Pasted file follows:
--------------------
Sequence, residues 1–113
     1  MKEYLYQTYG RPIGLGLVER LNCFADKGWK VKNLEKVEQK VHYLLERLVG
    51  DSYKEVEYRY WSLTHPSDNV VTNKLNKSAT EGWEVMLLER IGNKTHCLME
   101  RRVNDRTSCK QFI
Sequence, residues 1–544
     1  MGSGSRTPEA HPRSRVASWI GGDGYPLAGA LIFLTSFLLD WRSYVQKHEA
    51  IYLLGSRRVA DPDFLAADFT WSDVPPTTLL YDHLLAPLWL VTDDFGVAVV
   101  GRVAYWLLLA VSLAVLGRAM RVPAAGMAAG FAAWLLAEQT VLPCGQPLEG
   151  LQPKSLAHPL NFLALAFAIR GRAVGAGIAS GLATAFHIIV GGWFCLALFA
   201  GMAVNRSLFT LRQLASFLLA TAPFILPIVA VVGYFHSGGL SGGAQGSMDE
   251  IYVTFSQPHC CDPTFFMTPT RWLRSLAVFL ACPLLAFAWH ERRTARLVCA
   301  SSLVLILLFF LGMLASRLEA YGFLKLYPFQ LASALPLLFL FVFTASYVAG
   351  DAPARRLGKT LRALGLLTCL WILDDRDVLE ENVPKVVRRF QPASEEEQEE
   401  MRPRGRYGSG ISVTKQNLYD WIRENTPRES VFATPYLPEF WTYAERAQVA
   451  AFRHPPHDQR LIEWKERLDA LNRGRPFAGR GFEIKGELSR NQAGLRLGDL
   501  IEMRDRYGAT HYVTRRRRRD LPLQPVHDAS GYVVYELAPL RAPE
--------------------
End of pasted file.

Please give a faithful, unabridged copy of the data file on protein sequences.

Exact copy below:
Sequence, residues 1–113
     1  MKEYLYQTYG RPIGLGLVER LNCFADKGWK VKNLEKVEQK VHYLLERLVG
    51  DSYKEVEYRY WSLTHPSDNV VTNKLNKSAT EGWEVMLLER IGNKTHCLME
   101  RRVNDRTSCK QFI
Sequence, residues 1–544
     1  MGSGSRTPEA HPRSRVASWI GGDGYPLAGA LIFLTSFLLD WRSYVQKHEA
    51  IYLLGSRRVA DPDFLAADFT WSDVPPTTLL YDHLLAPLWL VTDDFGVAVV
   101  GRVAYWLLLA VSLAVLGRAM RVPAAGMAAG FAAWLLAEQT VLPCGQPLEG
   151  LQPKSLAHPL NFLALAFAIR GRAVGAGIAS GLATAFHIIV GGWFCLALFA
   201  GMAVNRSLFT LRQLASFLLA TAPFILPIVA VVGYFHSGGL SGGAQGSMDE
   251  IYVTFSQPHC CDPTFFMTPT RWLRSLAVFL ACPLLAFAWH ERRTARLVCA
   301  SSLVLILLFF LGMLASRLEA YGFLKLYPFQ LASALPLLFL FVFTASYVAG
   351  DAPARRLGKT LRALGLLTCL WILDDRDVLE ENVPKVVRRF QPASEEEQEE
   401  MRPRGRYGSG ISVTKQNLYD WIRENTPRES VFATPYLPEF WTYAERAQVA
   451  AFRHPPHDQR LIEWKERLDA LNRGRPFAGR GFEIKGELSR NQAGLRLGDL
   501  IEMRDRYGAT HYVTRRRRRD LPLQPVHDAS GYVVYELAPL RAPE